He also goes on to point out that health-food store vitamins are no better than the ones sold in drug stores, “There are companies on the market who pretend to sell whole-food vitamins. In fact, what they are doing is just feeding those same synthetic vitamins to yeast as a growth medium, mixing a spec of food in at the end and then calling it raw, whole-food supplements. They are outright lying. This is part of the marketing plan. In fact the same chemical companies sell to both types of products. The B-50 Vitamin B Complex you get at a drug store or at a health food store are no different at all. The only thing that changes is the fillers and the packaging. I know it’s hard to believe, but its true.”

Under the Dietary Supplement Health and Education Act (DSHEA) of 1994, supplement companies were freed from the requirement to prove that a product is safe, rather leaving it up to the already burdened FDA to prove that it is unsafe. While companies cannot make product claims such as “cures obesity” or “prevents heart disease,” they are allowed to make health-related claims instead, like “supports a healthy weight” or “helps to maintain healthy cholesterol levels.” Thus, the deliberate dishonest marketing and the misuse of scientific findings to confuse and take advantage of consumers, both by big companies and individuals who market false products, resulted. The masquerade begins with the coating the vitamins are swathed in, to how much viable product is actually contained in those capsules.

How easy is it to be deceived? Well it apparently takes a village…or the New York State Attorney General’s Office. The New York Times article about herbal supplements and the lack thereof that went viral in February of this year clued us in to the unreliable nature of the supplement industry and its products.

My advice? Be vigilant and open-minded. Do your research to find out if the vitamins you are taking are in the best form and doses for the desired therapeutic results. For instance, you wouldn’t want to be taking magnesium in the form of magnesium oxide, clinically used as a laxative, in a multivitamin or to treat muscle cramps.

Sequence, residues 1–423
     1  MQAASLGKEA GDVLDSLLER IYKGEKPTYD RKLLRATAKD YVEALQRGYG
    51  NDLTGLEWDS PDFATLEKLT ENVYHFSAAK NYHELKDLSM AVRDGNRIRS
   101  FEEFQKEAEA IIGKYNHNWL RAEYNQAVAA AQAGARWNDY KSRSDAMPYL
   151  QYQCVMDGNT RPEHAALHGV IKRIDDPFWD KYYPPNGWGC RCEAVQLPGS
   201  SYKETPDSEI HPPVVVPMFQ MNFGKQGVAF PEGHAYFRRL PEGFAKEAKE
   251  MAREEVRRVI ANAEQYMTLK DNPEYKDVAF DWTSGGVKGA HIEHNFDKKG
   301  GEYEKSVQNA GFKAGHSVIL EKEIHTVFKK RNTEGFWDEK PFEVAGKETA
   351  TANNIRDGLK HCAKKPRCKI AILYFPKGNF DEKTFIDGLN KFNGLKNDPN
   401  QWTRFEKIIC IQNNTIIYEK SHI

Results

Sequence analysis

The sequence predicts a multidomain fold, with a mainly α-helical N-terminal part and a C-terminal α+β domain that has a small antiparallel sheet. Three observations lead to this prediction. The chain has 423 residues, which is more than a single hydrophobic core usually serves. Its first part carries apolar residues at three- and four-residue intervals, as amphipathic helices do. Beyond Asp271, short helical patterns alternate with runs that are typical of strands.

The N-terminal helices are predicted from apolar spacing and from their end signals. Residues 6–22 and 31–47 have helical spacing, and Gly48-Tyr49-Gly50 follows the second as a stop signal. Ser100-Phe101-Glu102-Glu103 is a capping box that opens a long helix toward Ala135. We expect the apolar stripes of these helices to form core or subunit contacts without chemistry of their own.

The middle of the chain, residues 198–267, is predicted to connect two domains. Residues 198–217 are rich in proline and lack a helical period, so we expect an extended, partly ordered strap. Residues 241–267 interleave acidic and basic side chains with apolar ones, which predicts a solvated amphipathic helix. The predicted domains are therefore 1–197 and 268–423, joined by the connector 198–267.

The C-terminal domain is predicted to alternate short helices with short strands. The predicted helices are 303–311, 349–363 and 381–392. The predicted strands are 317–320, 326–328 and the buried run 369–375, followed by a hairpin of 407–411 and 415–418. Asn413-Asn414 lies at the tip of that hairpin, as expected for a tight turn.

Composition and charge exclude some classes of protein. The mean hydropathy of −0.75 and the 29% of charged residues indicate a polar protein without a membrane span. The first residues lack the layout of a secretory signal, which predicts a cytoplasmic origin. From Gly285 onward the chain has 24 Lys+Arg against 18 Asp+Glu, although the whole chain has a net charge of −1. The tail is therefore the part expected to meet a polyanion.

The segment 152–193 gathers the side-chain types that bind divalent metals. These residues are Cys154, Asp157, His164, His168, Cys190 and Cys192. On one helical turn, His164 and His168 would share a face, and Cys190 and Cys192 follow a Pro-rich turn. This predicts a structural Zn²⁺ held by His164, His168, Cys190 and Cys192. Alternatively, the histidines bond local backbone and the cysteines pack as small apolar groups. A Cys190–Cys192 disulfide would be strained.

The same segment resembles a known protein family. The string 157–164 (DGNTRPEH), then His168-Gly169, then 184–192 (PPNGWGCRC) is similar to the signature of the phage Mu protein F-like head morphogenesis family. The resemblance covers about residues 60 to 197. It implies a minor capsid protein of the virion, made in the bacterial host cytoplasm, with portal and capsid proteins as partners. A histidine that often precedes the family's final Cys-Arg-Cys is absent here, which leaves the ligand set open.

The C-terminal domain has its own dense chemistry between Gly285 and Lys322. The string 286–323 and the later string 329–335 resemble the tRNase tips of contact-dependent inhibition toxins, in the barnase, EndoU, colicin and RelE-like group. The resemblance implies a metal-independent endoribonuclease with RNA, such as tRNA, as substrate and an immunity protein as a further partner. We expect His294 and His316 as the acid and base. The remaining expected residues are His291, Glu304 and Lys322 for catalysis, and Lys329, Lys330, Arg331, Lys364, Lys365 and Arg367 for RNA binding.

Better yet, eat a balanced diet. Be sure to eat a variety of fresh fruits and vegetables daily, as nature intended. Toto, you may not be in Kansas anymore, but hit up the Farmer’s Market regardless…

Micaela Young is a first year NUTCOM student and ACSM personal trainer. She is a competitive runner and avid eater who hopes to one day be a force for changing our current food culture.

The Friedman Sprout is a monthly student run newspaper that aims to serve the student population at the Friedman School of Nutrition Science and Policy, prospective students, and alumni. Our mission is to report on newsworthy information that affects the Friedman community including nutrition research, food policy, internship and volunteer opportunities, as well as school events. Our editorial slant is that of sustainability in food and nutrition.

1 comment on “Dietary Supplements: Too Good to Be True?

  1. Such a wonderful and insightful article! I agree that the dependence our society seems to have on using supplements as a quick fix has gotten out of hand. Clever artwork!